Nik:

Period.

Rich:

I don't care how great that guy is. I don't care how knight in shining armor he appears to be. At the end of the day, my wife and I are building an empire to leave to our daughters and our grandkids someday. So, in those situations, that's a little bit different. So, you're right. This is strictly talking about your banking account, your checking and savings account, those accounts using on a daily or regular basis.

Nik:

I just wanted to make sure that our listeners are following these conversations because let's be clear, our listeners are going to be in different financial statuses in their marriages and in their lives. And we have multiple accounts, much more than just a checking and savings. So, I just wanted to make sure we offer that clarity.

Rich:

I mean, I think something that I also think about is unless you have a prenup, and I would say probably 90% I don't know, but 90% of states, if we were to get divorced, then everything's getting split 50/50 anyway. They don't care if you have a secret bank account because they're gonna find out. They don't care if you've got a little hidden checking account or savings account or if you've been amassing a fortune on your own with your own bank account name and everything and your spouse isn't on it. If you get a divorce, guess what? All that comes to light and you're gonna split it 50/50 anyway.

Nik:

Divorce, yes, but death, no.

Rich:

Oh, what happens in death.

Nik:

So, in death if I'm not a signer on your accounts or somehow a what they call it when you sign over the privilege?

Rich:

Executor or you have a power of attorney.

Nik:

Power of attorney. Right. So, if I don't have that and you die, I don't have access to your accounts.

Rich:

Well, you have power of attorney.

Nik:

I'm just, I'm just putting that out there. Divorce, sure, yes, 50/50. If you have good enough attorneys, they're going to find out about all of your assets, they just are, because that's just the nature of the beast. But if death happens in a marriage, then the fortune that you amassed by yourself in your individual bank account, does not get to go to anybody who's not on that account.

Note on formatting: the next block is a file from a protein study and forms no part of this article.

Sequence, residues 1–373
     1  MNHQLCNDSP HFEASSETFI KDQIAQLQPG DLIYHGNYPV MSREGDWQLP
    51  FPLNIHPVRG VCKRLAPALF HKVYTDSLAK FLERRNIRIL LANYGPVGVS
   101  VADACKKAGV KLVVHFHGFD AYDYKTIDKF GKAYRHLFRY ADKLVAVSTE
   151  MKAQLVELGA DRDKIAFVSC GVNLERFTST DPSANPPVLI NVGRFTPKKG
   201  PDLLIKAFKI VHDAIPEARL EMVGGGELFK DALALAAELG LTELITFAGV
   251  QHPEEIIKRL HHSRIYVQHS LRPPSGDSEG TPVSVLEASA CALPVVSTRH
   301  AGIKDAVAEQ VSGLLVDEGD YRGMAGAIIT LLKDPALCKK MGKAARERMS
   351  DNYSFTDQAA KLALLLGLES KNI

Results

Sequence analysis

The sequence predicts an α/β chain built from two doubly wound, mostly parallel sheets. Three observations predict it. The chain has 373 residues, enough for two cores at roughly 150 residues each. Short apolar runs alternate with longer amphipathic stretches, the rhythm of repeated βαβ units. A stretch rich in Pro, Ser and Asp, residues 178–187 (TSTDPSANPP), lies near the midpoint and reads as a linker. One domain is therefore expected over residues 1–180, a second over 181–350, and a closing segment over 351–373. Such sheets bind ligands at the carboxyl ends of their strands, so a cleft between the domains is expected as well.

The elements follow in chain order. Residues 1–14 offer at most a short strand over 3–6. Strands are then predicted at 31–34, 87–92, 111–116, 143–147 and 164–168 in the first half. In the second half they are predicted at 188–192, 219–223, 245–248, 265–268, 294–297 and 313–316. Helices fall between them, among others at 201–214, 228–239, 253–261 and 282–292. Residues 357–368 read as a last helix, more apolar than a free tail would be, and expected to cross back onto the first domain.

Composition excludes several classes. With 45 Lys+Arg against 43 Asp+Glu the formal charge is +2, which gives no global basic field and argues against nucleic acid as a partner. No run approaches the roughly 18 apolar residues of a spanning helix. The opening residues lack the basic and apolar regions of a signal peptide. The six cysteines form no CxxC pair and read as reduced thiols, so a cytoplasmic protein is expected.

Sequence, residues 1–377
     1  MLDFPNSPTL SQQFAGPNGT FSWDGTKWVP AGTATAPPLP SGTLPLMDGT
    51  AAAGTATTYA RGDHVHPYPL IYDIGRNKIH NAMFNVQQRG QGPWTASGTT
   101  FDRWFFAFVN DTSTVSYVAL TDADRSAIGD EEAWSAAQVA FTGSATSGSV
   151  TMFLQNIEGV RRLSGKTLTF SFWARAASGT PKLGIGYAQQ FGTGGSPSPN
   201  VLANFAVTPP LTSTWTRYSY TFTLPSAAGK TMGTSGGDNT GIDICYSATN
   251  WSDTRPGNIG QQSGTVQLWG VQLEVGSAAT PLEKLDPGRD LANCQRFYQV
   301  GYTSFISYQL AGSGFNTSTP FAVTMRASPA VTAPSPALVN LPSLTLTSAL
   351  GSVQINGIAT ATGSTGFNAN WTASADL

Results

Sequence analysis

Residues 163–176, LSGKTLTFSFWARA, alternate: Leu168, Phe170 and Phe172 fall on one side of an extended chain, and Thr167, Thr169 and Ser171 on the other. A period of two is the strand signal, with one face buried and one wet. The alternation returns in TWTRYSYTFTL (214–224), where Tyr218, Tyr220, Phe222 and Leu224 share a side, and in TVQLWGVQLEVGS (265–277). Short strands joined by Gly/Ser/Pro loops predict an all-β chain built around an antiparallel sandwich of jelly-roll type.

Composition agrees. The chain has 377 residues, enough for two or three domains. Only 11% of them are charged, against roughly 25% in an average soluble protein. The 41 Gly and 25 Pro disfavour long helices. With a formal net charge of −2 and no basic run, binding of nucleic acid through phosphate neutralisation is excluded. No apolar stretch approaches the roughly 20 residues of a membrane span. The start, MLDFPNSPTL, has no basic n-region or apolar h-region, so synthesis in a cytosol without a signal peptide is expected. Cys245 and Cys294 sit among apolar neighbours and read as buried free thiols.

Rich:

So, it's basically stuck in probate until wills are read or until a judge figures out who the next of kin is or whatever. So,

Nik:

That's right.

Rich:

So, in reality, if you are in a relationship, let me clarify, if you're in a marriage because let's be real, don't join your bank accounts. If you ain't married, what is my wife always say if you ain't married, then what you single.

Nik:

You are single.

Rich:

So, if you are not married and you're listening to this don't be talking about, hey, boo, we should join. No, don't be no dummy. Don't join your bank accounts until he has put a ring on your finger. And y'all have said I do. Okay.

Rich:

So, anyway though, so, if you're in a marriage and you pass, you might think that your family is taken care of because you've amassed this fortune, you know, it wasn't like you had this separate account because you didn't love your wife or didn't love your husband, but because you didn't have them on the account, you could put them in a predicament where they can't pay their bills or they are struggling to make it even though there is money there. But they can't touch it right now. What Hammer say? Can't touch this. So yeah, that's something to think about because I did not know that.

Nik: